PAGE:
Batchelder's Patent - October 14, 1851

8" high by 3" diameter (shank can extend 4 1/2")

Batchelder's Patent

October 14, 1851

The insulators depicted here were patented on October 14, 1851 by John M. Batchelder.

They were intended to provide better insulation, especially during rain, by use of inward flared skirt and disk around the iron shank. A glaze was to line the inside of the skirt similar to "enamel ware". It appears likely that a rubber style "hat" insulator was cemented to the inside of the iron shell and the center shaft was then inserted into the hat.

Four styles have been located, three of which are represented here. The outside pair screwed directly into a tree or pole. The left specimen has a hole in the bottom of the shaft through which the tie wire was attached. The right specimen has a "foot" forged onto the bottom similar to a ramshorn. The wire sat onto the platform between two vertical arms and the main shaft. The center piece, like the Benedict insulator, was mounted into a crossarm or wood block and the wire was set into the top saddle groove and secured by a piece of wire.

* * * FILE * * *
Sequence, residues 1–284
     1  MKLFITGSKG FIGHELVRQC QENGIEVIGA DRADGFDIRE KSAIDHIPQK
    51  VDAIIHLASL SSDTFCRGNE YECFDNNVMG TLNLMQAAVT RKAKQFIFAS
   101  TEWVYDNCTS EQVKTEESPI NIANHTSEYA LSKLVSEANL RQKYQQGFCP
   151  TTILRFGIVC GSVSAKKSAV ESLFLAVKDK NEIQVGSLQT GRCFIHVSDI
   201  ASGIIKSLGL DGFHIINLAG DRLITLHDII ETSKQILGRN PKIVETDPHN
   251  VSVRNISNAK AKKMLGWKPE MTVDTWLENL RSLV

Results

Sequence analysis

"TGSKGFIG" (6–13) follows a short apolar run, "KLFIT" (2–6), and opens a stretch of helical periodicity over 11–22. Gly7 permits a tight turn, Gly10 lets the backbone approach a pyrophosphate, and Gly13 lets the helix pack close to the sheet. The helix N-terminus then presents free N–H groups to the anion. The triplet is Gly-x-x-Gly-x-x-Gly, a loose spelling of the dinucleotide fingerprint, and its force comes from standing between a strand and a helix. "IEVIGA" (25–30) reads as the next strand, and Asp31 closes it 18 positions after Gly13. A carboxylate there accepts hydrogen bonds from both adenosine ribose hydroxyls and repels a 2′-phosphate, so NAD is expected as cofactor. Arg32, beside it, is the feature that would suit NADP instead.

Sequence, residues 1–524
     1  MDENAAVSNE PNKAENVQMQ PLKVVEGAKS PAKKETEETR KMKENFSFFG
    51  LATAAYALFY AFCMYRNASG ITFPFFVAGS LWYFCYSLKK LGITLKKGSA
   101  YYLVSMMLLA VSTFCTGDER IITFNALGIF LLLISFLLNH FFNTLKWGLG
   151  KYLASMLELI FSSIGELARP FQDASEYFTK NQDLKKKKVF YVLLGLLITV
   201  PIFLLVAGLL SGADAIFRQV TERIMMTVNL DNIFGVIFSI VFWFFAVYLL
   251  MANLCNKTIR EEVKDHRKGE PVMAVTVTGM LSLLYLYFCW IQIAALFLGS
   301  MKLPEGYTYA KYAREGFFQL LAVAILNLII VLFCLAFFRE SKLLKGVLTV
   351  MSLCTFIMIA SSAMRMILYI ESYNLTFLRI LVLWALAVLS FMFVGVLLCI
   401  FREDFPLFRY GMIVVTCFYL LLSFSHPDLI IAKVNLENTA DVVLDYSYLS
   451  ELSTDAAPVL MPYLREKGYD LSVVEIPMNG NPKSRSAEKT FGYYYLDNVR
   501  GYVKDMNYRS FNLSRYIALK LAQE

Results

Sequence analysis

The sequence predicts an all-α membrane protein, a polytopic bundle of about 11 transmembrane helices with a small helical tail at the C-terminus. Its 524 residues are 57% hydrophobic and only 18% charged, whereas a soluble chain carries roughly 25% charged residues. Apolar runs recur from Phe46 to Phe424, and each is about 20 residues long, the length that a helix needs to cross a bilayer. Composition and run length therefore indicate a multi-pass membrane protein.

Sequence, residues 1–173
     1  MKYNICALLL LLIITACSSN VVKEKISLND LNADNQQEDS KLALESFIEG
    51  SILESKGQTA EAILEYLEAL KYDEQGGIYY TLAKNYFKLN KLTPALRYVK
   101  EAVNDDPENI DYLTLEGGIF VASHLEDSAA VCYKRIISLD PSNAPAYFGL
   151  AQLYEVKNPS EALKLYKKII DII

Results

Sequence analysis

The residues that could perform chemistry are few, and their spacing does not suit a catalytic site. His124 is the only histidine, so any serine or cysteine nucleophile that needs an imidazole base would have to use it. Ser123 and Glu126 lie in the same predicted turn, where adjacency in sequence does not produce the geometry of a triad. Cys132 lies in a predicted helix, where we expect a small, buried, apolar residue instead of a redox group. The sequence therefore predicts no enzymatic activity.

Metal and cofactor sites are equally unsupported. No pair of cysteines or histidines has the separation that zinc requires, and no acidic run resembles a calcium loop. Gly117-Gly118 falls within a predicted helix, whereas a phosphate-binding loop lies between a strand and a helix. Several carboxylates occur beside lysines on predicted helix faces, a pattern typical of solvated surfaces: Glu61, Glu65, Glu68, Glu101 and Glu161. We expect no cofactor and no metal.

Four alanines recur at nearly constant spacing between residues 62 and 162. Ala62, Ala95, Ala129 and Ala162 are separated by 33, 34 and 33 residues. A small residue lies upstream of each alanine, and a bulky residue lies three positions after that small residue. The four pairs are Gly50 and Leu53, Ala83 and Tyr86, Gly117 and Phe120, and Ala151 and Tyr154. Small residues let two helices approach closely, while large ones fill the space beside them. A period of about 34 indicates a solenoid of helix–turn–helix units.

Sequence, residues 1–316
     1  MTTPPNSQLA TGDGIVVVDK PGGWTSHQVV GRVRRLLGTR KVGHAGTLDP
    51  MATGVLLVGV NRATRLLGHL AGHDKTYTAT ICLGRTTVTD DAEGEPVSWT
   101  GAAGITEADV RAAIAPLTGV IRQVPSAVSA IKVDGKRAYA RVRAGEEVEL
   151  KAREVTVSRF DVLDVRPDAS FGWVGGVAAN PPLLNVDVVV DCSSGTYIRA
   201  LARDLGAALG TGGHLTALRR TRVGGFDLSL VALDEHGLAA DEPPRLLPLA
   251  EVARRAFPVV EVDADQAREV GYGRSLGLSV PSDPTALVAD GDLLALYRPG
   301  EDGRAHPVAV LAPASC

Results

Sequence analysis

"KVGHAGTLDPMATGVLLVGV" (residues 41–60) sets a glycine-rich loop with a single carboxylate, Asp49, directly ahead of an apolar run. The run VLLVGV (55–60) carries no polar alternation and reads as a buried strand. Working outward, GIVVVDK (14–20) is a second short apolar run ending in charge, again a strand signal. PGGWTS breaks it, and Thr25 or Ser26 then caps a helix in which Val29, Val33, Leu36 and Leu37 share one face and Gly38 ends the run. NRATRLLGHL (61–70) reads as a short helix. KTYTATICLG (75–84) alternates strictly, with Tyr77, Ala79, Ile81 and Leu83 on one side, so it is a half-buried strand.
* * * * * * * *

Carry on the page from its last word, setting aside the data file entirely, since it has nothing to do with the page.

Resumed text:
These are the earliest known specimens of a patent issued specifically for telegraph insulators. They are very rare with approximately 20 specimens known.

Return to the Early Telegraph Insulators page

Written Sunday, January 19, 1997; updated Tuesday, February 21, 2012